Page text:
NSA_watch_my_toilet

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Aug 24, 2013
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I'm not sharing really totally the point of view of the opener.

Generally, if you are not an idiot, you pay for something in return. Sound quality, or volume gigantism.

A system that can go very loud, is called, a PA system, it's made for public venues and sounds great at 1'000 watts and more.

A hifi system is, normally, by design, not suited for 120dB volumes. But even so, you have hifi speakers designed for high volume. B&W 802 D2 or ATC SCM300 are two that I know, but they are more.
 

stereoman

Well-known member
Mar 22, 2016
144
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4,595
False assumption. The more you pay you get more robust LSs in general. With more handling power and better components. You do not need to be careful in terms of sound in more advanced , expensive LSs - on the contrary, you need to be more careful with lower quality ones.
 

davedotco

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Apr 24, 2013
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alwaysbeblue1 said:
Using Spendor a6r They sound amazing but scared to let them go because of the scare stories
You do not say what amplifier you are using, so it is difficult to see whether you are right to be concerned or not. As has already been pointed out, most speakers are damaged by overdriven amplifiers rather than simply too much power.

The A6r are medium efficiency with decent power handling, but like all speakers, they require rather more power than you expect if you wish to play them even quite loud. In this case I would suggest around 200-250 watts per channel for the amplifier so that you can turn it up with no realistic chance of clipping.

Think of it like this, playing wide dynamic range classical material on such an amp, results in the amplifier 'peaking' at 300 watts whilst producing a 'continuous' output of barely a handful of watts. Some wide range pop type material will require rather more continuous power output, perhaps around 30 watts, whilst heavily compressed tracks may require even more continuous power, though by this stage you will be playing very loud indeed.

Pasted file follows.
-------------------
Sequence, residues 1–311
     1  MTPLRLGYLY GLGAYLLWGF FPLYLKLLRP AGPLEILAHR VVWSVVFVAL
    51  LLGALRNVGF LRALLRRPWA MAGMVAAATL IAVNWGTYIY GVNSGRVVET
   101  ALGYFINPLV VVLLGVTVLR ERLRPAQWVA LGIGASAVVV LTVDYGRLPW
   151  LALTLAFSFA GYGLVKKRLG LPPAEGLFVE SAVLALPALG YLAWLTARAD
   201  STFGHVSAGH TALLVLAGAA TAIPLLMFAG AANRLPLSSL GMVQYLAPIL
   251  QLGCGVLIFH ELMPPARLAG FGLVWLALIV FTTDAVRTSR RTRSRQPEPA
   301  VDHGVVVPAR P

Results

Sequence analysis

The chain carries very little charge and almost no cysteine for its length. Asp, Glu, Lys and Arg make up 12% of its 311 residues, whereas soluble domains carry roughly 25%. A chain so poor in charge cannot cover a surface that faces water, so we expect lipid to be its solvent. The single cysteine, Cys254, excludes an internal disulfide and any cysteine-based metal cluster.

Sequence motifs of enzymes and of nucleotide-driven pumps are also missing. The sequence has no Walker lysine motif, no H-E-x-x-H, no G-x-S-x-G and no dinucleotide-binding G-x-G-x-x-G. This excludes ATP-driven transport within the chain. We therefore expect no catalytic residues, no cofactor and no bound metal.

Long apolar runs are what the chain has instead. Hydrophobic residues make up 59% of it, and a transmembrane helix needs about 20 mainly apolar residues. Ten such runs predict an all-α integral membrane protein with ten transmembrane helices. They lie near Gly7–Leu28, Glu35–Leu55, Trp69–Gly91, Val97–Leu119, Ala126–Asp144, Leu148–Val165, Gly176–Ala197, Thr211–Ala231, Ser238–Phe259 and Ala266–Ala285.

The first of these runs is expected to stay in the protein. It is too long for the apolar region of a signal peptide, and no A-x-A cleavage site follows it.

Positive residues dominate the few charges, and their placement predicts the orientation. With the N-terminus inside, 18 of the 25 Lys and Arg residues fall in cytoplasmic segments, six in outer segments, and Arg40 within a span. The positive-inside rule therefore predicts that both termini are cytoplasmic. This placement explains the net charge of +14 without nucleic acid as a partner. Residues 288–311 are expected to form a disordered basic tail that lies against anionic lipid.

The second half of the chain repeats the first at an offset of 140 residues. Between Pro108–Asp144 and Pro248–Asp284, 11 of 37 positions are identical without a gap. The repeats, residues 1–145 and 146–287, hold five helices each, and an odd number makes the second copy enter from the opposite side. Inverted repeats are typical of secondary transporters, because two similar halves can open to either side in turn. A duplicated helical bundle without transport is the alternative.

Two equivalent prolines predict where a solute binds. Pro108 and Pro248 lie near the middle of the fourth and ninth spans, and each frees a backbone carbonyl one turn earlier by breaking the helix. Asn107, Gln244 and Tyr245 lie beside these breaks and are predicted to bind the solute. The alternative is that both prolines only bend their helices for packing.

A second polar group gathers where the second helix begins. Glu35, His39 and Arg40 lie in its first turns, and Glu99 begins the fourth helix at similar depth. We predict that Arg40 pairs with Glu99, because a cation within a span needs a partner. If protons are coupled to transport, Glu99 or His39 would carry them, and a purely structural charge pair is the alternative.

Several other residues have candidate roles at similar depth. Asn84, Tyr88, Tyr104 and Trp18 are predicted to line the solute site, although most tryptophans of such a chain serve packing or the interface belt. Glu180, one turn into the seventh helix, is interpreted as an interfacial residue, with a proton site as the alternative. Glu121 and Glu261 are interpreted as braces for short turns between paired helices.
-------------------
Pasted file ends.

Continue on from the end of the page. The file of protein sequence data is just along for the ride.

Since the ear perceives loudness in terms of average or continuous power, the more dynamic range the program material has, the bigger that amplifier power needs to be to play at the same perceived level.
 

NSA_watch_my_toilet

New member
Aug 24, 2013
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Not really. It's not a factor of the price only, it's a factor of caring. The B&W 804D3 is, for example, more expensive that some more capable speakers in the 5k range. The same goes for other products. Sometimes, you pay image and fame with your product.
 

lindsayt

New member
Apr 8, 2011
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davedotco said:
alwaysbeblue1 said:
Using Spendor a6r They sound amazing but scared to let them go because of the scare stories
You do not say what amplifier you are using, so it is difficult to see whether you are right to be concerned or not. As has already been pointed out, most speakers are damaged by overdriven amplifiers rather than simply too much power.

The A6r are medium efficiency with decent power handling, but like all speakers, they require rather more power than you expect if you wish to play them even quite loud. In this case I would suggest around 200-250 watts per channel for the amplifier so that you can turn it up with no realistic chance of clipping.

Think of it like this, playing wide dynamic range classical material on such an amp, results in the amplifier 'peaking' at 300 watts whilst producing a 'continuous' output of barely a handful of watts. Some wide range pop type material will require rather more continuous power output, perhaps around 30 watts, whilst heavily compressed tracks may require even more continuous power, though by this stage you will be playing very loud indeed.

Since the ear perceives loudness in terms of average or continuous power, the more dynamic range the program material has, the bigger that amplifier power needs to be to play at the same perceived level.
davedotco is probably way out in his power estimations.

Get a calibrated sound meter and measure the peak volume levels that you're listening at.

There's an extremely high chance no one reading this is getting near the 300 watt - 112 dbs at 1 metre - peak levels that davedotco says you're getting with classical. You'd have the neighbours complaining in a minute and your ears would be ringing after you turned the music off.

You might get 111 db peaks at a classical concert with a full orchestra, if you were sitting close enough to get your head whacked by a trombonist. Sit in the middle of the hall and the peaks would be much quieter than that.
 

alwaysbeblue1

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Oct 4, 2015
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I could not see that I was making a comment so kept trying.

My amp is a Cyrus 70w channel.

Surly you only know when you have pushed speakers/amp too hard when it is too late ?
 

muljao

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Jul 18, 2016
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alwaysbeblue1 said:
I could not see that I was making a comment so kept trying.

My amp is a Cyrus 70w channel.

Surly you only know when you have pushed speakers/amp too hard when it is too late ?
You have a good amp and good speakers. It is likely you will never have an issue unless you push these to unlistenable levels. Enjoy your hifi/music